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Packed Meeting About Future of Oakland’s Latham Square Shut Down Early

Two design proposals for Latham Square -- one with cars (left) and one without (right). Image: City of Oakland

After public pressure, the City of Oakland held a second community meeting Wednesday about the design of the Latham Square pilot plaza, where a lane of car traffic was reinstated prematurely at the behest of Planning and Building Director Rachel Flynn. Despite a standing room-only crowd of attendees showing up to weigh in, the meeting was shut down 45 minutes early.

For city officials, the proposal to widen sidewalks but permanently reinstate two-way car traffic at Latham Square appears to be a done deal -- though no pedestrian usage data was presented to the public after a six-week car-free pilot period.

"I don’t see us going back to the closure" of Telegraph, said Brooke Levin, interim director of the Oakland Public Works Agency. In fact, she added, it is likely the city will reopen the northbound traffic before construction begins on the final design next summer.

Before Wednesday's public meeting, city staffers held an invitation-only meeting on November 15 with City Manager Deana Santana. Invitees included several business owners who oppose the car-free plaza, along with representatives of the Downtown Oakland Association (which supports the pedestrian plaza), Popuphood, Walk Oakland Bike Oakland, and Oakland’s Bicycle and Pedestrian Advisory Committee.

But attendees who packed the public meeting, which was not announced on the city's website until the day before, appeared evenly divided between supporters of the car-free plaza and those who want to bring back two-way car traffic. "We’re not going to satisfy everybody," Levin told the crowd.

City planners' recommended permanent design for the plaza includes restoration of two-way traffic on Telegraph with narrower auto lanes and an expansion of the existing sidewalk in the triangle between Broadway and Telegraph. Opinions and suggestions for the design were mixed among the 50-plus Oakland residents, merchants, property owners, and downtown workers at the meeting.

Latham Square as it appears today. Photo by Laura McCamy
Latham Square in downtown Oakland Photo by Laura McCamy

Even though City of Oakland spokesperson Karen Boyd said "the input from this public meeting will inform and guide the staff recommendation to be presented to the City Council," it appears it's already been decided that the recommended design will include a plaza with cars cutting through.

Many speakers questioned the city's lack of data and analysis on pedestrian usage at Latham Square so far during the pilot period. As one indicator of its popularity, a chart tweeted by Eric Fisher shows that the volume of tweets sent out at or close to Latham Square has roughly doubled since May.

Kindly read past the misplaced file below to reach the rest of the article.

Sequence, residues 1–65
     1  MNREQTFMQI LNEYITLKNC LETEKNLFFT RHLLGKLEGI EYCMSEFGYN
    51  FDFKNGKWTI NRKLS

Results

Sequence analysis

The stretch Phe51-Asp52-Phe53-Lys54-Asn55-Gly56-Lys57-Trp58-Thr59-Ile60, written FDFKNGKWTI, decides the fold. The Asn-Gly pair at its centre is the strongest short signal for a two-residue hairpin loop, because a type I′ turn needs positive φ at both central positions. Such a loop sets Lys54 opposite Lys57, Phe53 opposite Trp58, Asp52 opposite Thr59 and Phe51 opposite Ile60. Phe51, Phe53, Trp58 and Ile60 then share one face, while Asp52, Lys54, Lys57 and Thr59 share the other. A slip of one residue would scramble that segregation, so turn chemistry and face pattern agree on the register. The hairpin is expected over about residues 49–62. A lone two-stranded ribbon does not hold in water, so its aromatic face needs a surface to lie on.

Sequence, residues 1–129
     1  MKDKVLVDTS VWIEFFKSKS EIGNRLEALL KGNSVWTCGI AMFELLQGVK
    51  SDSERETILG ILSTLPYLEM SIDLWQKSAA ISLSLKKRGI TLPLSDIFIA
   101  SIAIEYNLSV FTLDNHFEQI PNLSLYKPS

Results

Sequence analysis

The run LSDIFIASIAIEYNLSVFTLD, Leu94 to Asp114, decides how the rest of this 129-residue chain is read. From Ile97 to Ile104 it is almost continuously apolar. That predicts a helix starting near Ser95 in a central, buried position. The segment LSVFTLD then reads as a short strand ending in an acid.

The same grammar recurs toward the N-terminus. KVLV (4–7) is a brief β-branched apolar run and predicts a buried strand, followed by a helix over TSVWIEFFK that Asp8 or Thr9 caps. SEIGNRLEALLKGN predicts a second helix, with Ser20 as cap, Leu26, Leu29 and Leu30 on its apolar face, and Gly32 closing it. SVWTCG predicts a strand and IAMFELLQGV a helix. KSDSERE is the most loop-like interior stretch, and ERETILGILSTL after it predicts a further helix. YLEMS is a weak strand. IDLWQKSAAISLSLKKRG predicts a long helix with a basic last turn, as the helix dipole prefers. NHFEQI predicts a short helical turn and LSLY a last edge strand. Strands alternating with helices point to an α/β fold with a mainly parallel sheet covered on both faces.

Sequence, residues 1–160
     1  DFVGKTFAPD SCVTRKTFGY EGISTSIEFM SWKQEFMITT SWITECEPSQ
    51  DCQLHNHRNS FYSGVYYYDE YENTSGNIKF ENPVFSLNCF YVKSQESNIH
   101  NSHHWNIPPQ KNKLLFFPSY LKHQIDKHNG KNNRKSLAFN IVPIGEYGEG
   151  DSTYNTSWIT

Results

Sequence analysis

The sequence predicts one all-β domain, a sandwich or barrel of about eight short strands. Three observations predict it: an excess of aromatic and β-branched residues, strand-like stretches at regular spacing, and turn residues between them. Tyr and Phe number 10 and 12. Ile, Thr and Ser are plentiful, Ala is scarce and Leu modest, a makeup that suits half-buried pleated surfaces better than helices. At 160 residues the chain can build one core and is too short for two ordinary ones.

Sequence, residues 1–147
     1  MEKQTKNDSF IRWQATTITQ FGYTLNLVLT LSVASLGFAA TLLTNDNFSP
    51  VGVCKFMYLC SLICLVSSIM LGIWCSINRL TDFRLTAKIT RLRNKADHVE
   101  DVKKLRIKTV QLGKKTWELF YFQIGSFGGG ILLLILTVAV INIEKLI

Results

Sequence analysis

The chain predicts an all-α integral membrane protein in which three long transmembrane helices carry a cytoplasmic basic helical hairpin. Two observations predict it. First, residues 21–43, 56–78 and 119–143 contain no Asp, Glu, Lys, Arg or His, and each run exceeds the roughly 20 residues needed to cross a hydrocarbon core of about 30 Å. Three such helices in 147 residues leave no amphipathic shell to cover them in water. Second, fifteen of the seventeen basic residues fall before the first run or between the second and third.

Volume of tweets sent from the vicinity of Latham Square since May.  Chart by Eric Fisher via Twitter.
Volume of tweets sent from the vicinity of Latham Square since May. Chart by Eric Fisher via Twitter
Volume of tweets sent from the vicinity of Latham Square since May. Chart by Eric Fisher via Twitter.

One man at the meeting, who said he's had an office near the plaza site for 15 years, said he never used it until the car-free pilot was implemented, and lamented the proposal for what he called a return to "Latham sliver."

Among the swirl of different suggestions from attendees, one popular idea was to convert 17th Street to a two-way street, solving the circulation problems for car traffic that city planners cited in the city’s traffic study. Speakers also suggested creating a more flexible space -- city planners said their proposed design would allow traffic lanes to easily be closed to cars, but several attendees suggested a curb-less street design, in which cars are allowed, but drivers are expected give priority to pedestrians. Levin dismissed that idea, citing city regulations that require streets to have curbs to facilitate street cleaning.

About halfway through the planned two-hour meeting, Levin stepped forward to field questions and offer information, then limited comments and moved to shut the meeting down. When someone objected, pointing out that people were still arriving and it was improper to close a public meeting before the scheduled time, she appeared confused and asked if anyone else wanted to comment, but the meeting had already begun to break up.

Levin stressed that there will be a public input session on the design details after the City Council approves the final design in January. People who provided their emails will be notified of the January meeting, but it’s not clear if the meeting will be announced to the general public. When asked how to submit additional comments, city staffers admitted that the city’s Latham Square web page was out of date. Since the meeting, the page has been updated and the online comment link is working.

The fate of Latham Square now rests with the Oakland City Council. The public can send email comments to members of the City Council members.

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